This is the third lesson I draw from creationists. Some evolutionary biologists are afraid to even discuss topics highlighted by creationists, fearing that this could be seen as an unnecessary concession of weakness of the powerfully supported theory of evolution by natural selection. I disagree with this reasoning.

Behe believes that irreducible complexity occurs, that this would be impossible via evolution by natural selection, and hence that evolution by natural selection must be wrong. In contrast, I am intrigued by the fact that irreducible complexity might occur, believe that if it does occur then of course it occurs via evolution by natural selection, and conclude that my job as an evolutionary biologist is to work out how.

The answer in our paper, in part, was that evolutionary biologists had been asking the question wrongly. They were defining both a starting point and an end point for evolution across a valley in genotype-fitness space. But evolution does not move towards one particular end. The possibilities are, if not limitless, then combinatorially large. Say you have 100 mutations to choose between in the search for a fitter genotype. That means you have up to 100-choose-2 = 4,950 2-way combinations available to you. And you have 161,700 3-way combinations and nearly 4 million 4-way combinations. Even if finding any particular irreducibly complex adaptation is extraordinarily unlikely to evolve, this must be balanced against the extraordinarily huge number of potential complex adaptations. And for this reason, we were able to find circumstances under which irreducible complexity was not only possible, but actually common [11].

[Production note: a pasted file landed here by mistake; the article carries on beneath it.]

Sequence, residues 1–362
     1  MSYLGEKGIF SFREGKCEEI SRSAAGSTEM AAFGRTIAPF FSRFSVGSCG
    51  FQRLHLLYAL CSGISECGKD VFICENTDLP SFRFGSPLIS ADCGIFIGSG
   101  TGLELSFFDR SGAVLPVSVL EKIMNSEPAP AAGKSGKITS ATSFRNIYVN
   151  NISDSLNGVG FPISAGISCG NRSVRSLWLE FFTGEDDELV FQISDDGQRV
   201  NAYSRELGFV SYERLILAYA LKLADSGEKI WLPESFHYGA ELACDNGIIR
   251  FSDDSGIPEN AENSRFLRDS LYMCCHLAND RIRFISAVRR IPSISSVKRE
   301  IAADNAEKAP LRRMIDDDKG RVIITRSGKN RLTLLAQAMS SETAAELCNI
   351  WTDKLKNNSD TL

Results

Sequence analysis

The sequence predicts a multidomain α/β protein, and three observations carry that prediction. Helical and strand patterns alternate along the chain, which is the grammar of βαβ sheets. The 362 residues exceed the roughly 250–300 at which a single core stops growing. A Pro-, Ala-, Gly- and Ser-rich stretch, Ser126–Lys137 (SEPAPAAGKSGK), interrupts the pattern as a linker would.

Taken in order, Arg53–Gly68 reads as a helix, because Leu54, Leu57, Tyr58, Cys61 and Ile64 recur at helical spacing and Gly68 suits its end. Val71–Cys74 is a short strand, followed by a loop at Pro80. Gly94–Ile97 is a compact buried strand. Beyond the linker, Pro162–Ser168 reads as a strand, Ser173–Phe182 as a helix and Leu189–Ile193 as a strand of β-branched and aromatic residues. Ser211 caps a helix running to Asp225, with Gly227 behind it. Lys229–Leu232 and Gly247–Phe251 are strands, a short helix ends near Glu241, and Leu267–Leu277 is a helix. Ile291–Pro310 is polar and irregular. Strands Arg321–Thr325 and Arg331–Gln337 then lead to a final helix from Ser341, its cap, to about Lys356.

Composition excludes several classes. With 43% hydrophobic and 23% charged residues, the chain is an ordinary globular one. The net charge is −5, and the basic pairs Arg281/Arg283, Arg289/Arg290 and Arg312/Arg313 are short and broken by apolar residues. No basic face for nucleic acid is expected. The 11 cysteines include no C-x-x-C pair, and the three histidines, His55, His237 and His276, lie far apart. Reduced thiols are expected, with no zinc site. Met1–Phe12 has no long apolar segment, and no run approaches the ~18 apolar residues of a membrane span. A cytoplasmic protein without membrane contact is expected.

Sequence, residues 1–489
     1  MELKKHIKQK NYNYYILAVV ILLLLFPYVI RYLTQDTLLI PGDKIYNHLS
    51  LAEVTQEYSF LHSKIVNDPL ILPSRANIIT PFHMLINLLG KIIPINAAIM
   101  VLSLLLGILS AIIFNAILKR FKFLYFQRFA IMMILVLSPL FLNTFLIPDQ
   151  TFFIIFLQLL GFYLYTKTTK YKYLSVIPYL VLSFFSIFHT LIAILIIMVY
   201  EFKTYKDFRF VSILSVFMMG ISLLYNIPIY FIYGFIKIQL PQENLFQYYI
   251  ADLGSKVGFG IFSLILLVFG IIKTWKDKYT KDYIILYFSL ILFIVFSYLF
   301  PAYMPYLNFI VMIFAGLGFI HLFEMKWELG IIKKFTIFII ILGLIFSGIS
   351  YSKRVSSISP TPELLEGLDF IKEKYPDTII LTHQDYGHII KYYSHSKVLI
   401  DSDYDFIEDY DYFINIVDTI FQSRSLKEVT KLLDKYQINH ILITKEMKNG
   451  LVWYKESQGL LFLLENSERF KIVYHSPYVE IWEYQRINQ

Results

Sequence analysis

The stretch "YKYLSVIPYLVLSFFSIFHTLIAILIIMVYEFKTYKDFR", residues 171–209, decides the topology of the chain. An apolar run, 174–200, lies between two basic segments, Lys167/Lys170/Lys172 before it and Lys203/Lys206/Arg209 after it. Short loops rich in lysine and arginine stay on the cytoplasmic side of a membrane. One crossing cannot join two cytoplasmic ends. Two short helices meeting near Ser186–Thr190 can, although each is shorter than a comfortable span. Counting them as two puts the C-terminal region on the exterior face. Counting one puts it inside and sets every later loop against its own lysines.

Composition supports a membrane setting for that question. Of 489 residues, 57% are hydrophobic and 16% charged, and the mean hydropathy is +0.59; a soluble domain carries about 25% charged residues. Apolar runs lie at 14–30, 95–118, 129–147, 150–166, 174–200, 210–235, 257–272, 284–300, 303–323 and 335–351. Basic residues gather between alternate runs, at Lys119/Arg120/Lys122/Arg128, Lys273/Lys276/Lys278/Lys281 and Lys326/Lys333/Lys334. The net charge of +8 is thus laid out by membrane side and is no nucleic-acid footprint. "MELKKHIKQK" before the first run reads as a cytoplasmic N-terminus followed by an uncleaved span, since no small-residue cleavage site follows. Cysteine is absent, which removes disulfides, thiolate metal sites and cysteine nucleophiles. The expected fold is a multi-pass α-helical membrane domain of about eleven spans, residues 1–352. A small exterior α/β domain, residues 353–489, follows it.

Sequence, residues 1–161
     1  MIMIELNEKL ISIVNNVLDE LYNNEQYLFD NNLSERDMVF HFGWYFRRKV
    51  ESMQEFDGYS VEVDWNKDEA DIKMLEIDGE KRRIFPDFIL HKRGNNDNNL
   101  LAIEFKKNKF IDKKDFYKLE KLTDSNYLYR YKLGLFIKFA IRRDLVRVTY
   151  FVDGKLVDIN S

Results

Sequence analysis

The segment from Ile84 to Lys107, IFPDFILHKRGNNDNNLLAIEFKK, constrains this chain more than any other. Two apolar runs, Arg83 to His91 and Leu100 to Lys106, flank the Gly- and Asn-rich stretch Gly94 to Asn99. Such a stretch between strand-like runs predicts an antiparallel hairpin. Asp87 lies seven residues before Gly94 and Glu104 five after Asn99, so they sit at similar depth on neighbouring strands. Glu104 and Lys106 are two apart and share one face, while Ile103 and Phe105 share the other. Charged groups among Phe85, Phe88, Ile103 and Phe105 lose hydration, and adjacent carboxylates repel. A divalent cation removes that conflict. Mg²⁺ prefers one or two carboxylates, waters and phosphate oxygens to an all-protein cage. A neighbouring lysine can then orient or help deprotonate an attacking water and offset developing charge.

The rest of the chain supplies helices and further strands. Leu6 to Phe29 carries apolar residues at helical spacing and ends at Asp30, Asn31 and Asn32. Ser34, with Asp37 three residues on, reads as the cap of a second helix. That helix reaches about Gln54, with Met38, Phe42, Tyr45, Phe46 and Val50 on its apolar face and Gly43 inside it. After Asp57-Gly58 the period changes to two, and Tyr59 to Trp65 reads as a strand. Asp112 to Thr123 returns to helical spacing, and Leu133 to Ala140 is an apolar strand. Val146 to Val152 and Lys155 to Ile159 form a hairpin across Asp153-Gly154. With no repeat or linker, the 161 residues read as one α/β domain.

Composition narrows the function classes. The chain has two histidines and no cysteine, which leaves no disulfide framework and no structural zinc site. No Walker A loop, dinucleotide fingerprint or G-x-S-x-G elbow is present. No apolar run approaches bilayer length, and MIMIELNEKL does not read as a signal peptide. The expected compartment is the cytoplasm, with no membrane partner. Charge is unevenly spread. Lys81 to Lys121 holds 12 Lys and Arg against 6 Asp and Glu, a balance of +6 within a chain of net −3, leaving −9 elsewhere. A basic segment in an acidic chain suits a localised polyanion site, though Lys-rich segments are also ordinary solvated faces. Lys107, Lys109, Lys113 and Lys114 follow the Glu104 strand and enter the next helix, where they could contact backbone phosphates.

In other words, space is big. Not just the big physical space that we are familiar with from astronomy, but also the more abstract genotype space of all the things that are possible. We humans have limited intuitions about spaces that big, but we can overcome our cognitive limitations through the use of formal mathematical models. And in some of those models, irreducible complexity is a common phenomenon.

Continuing with this third lesson, my future plans for the study of evolution include Behe’s observation of the predominance of loss of function mutations in observable evolution [14] and a question that sometimes goes by the name of “Haldane’s dilemma” [15]. I think some really exciting evolutionary biology lies ahead.


Joanna Masel is an evolutionary biologist at the University of Arizona. Her research investigates the robustness and evolvability of biological systems and the nature of different types of competition in both biology and economics.

This article originally appeared here, republished with attribution under Creative Commons license.